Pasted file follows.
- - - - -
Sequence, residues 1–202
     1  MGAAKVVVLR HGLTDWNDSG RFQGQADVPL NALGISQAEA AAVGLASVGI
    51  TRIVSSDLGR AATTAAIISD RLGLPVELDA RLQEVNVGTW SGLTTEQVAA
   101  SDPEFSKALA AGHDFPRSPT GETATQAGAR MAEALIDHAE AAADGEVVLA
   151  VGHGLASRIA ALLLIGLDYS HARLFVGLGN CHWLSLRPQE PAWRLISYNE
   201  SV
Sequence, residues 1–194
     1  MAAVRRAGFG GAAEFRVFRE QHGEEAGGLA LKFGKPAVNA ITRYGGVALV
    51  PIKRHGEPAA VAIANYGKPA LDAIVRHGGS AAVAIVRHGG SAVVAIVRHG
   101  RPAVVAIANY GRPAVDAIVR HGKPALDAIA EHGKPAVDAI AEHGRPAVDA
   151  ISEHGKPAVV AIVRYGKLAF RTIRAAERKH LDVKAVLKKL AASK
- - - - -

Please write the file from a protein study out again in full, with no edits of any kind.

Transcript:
Sequence, residues 1–202
     1  MGAAKVVVLR HGLTDWNDSG RFQGQADVPL NALGISQAEA AAVGLASVGI
    51  TRIVSSDLGR AATTAAIISD RLGLPVELDA RLQEVNVGTW SGLTTEQVAA
   101  SDPEFSKALA AGHDFPRSPT GETATQAGAR MAEALIDHAE AAADGEVVLA
   151  VGHGLASRIA ALLLIGLDYS HARLFVGLGN CHWLSLRPQE PAWRLISYNE
   201  SV
Sequence, residues 1–194
     1  MAAVRRAGFG GAAEFRVFRE QHGEEAGGLA LKFGKPAVNA ITRYGGVALV
    51  PIKRHGEPAA VAIANYGKPA LDAIVRHGGS AAVAIVRHGG SAVVAIVRHG
   101  RPAVVAIANY GRPAVDAIVR HGKPALDAIA EHGKPAVDAI AEHGRPAVDA
   151  ISEHGKPAVV AIVRYGKLAF RTIRAAERKH LDVKAVLKKL AASK